National Novel Writing Month: My Key to Building Momentum

Posted: December 8, 2014 in Fiction, NaNoWriMo, Writing

What the heck is NaNoWriMo?

If you are an author, then you’ve probably heard of National Novel Writing Month (NaNoWriMo). For those who don’t know what NaNoWriMo is, it is a writer’s challenge that occurs in November every year. Every person that participates in the challenge has one goal . . . to complete a 50,000-word novel in only 30 days. That’s a lot of writing in one month, and particularly challenging since it also falls around the holidays.


My decision to participate

I’ve wanted to take the challenge for the past couple of years, but I had other projects to complete at the time. This year, however, I published Devil’s Nightmare: Premonitions just in time for me to start a new project. I made the decision to participate in the National Novel Writing Month 50K challenge about a week before it started. I read up on the “rules” and then started preparing for the most challenging task I’ve taken on since I began this writing gig. Considering 50,000 words isn’t quite a novel length for me (all three of my novels are over 100,000 words each), I decided to personally make this challenge about sitting my butt down every day to write. Everything else came second.

Sacrifices made during National Novel Writing Month

Being self-employed, I scheduled my non-writing work around National Novel Writing Month. I actually turned down a couple of jobs in November because it conflicted with my writing schedule. Thankfully, these two small business clients also know I’m an independently published author and were very supportive about this NaNoWriMo 50K challenge I committed to.

I’m also a gamer, so that was also a bit of a hurdle for me. Video games are my main source of entertainment and stress relief. I’ll be the first to admit as an author, that my favorite pastime can also be my biggest distraction. Last month I had to resist the temptation of joining my friends online to play Call of Duty, Battlefield, Destiny, and Grand Theft Auto. My gaming buddies are a great bunch too. Some of them have become very close friends of mine, so disappearing off the PlayStation Network and going AWOL really was a bit of a sacrifice during the month of November. Other fellow gamers understand what I mean. Non-gamers are probably rolling their eyes and shaking their heads. That’s okay, because my gaming buddies were also very supportive of my commitment to take on this task, even though it did mean giving them the cold shoulder for a few weeks. With that said, I did manage to sneak in some game time here and there though. I didn’t want to go into withdrawal and get the shakes, you know?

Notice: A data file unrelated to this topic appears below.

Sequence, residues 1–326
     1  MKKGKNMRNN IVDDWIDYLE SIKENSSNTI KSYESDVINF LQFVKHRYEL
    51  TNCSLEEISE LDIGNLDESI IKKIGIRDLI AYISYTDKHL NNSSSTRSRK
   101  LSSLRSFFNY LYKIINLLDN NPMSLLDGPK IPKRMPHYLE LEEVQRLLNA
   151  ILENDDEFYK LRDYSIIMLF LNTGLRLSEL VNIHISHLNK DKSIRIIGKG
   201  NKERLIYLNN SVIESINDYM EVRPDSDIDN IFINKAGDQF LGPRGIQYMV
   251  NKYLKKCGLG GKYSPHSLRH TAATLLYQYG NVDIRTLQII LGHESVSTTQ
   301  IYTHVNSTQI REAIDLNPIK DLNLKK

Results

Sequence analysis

Turning off my inner editor

With the exception of publishing my very first novel, participating in National Novel Writing Month was the most satisfying and rewarding experience I’ve had as an author. I wasn’t sure if I was going to be able to “win” this challenge, but the key to building momentum (and avoiding any type of writer’s block) was turning off my inner editor. This is something that I’m really bad at when I’m working on a novel, and sometimes it hinders my progress. Everyone that I talked to who had experience participating in NaNoWriMo gave the same advice . . . just write! Don’t worry about the structure. Don’t worry about the grammar. Don’t even worry about spelling errors or if you’re using the correct word in a sentence. Just get the story written. You can go back and polish later. So that is exactly what I did. And it made a huge difference!

Crossing the finish line

I normally take the week of Thanksgiving off for vacation, so I basically shaved off a week from the four-week challenge. No pressure, of course. 🙂 I also pre-ordered my “NaNoWriMo 2014 Winner” t-shirt as further motivation to make it to the finish line. Listening to the advice given to me by my peers in the writing community, and “buddying up” with a few other writers, made a huge difference on whether or not I would meet my goal of finishing by November 21, just in time for my scheduled vacation. I didn’t quite meet that personal goal, but after committing to hours of brainstorming and writing every day to the tune of about 2,300 words per day, I managed to cross the 50,000-word finish line on Saturday, November 22.

It’s something I worked very hard on and will display my certificate for completing my very first NaNoWriMo 50K Challenge with pride. I’m can’t wait to participate again next year.


If you are also an author and have never challenged yourself to writing 50,000 words in 30 days, I highly recommend you doing it. It was the best thing I’ve done for myself in a long time. It really was the key to building momentum for me personally.

If you have also participated in NaNoWriMo for the first time, I would love to read about your own experience in the comments section below. 


Sharky Teeth

  1. danniehill says:

    Congrats, Rob. I agree that any writer will benefit from the #NaNoWriMo . And it’s a great feeling to finish and claim the sticker for your blog or whatever you want to do with it. I’ve also found that the work that the Office of Letters and Light (old name) works all year long helping kids and adults. It is amazing the total number of words written during the month of November. Makes for a quite blogsphere. Way to go!